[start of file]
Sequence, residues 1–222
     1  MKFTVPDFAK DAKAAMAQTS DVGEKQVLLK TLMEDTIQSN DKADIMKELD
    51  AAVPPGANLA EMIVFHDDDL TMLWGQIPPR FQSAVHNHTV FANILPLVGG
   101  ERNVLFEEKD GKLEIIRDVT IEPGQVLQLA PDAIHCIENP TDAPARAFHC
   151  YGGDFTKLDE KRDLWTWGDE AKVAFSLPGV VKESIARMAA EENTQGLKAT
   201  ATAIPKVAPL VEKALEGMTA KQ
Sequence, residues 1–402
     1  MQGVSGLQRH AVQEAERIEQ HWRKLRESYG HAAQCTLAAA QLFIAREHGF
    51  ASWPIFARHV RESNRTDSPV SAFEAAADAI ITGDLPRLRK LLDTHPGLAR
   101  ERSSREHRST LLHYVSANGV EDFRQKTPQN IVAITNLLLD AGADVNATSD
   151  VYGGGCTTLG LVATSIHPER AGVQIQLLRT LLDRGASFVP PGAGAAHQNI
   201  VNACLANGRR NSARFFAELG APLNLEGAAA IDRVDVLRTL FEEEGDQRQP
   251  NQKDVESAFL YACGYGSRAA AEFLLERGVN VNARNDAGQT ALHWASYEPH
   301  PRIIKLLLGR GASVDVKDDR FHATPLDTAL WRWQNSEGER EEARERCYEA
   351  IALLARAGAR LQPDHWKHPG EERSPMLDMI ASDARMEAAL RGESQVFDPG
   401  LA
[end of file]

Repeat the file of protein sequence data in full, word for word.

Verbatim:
Sequence, residues 1–222
     1  MKFTVPDFAK DAKAAMAQTS DVGEKQVLLK TLMEDTIQSN DKADIMKELD
    51  AAVPPGANLA EMIVFHDDDL TMLWGQIPPR FQSAVHNHTV FANILPLVGG
   101  ERNVLFEEKD GKLEIIRDVT IEPGQVLQLA PDAIHCIENP TDAPARAFHC
   151  YGGDFTKLDE KRDLWTWGDE AKVAFSLPGV VKESIARMAA EENTQGLKAT
   201  ATAIPKVAPL VEKALEGMTA KQ
Sequence, residues 1–402
     1  MQGVSGLQRH AVQEAERIEQ HWRKLRESYG HAAQCTLAAA QLFIAREHGF
    51  ASWPIFARHV RESNRTDSPV SAFEAAADAI ITGDLPRLRK LLDTHPGLAR
   101  ERSSREHRST LLHYVSANGV EDFRQKTPQN IVAITNLLLD AGADVNATSD
   151  VYGGGCTTLG LVATSIHPER AGVQIQLLRT LLDRGASFVP PGAGAAHQNI
   201  VNACLANGRR NSARFFAELG APLNLEGAAA IDRVDVLRTL FEEEGDQRQP
   251  NQKDVESAFL YACGYGSRAA AEFLLERGVN VNARNDAGQT ALHWASYEPH
   301  PRIIKLLLGR GASVDVKDDR FHATPLDTAL WRWQNSEGER EEARERCYEA
   351  IALLARAGAR LQPDHWKHPG EERSPMLDMI ASDARMEAAL RGESQVFDPG
   401  LA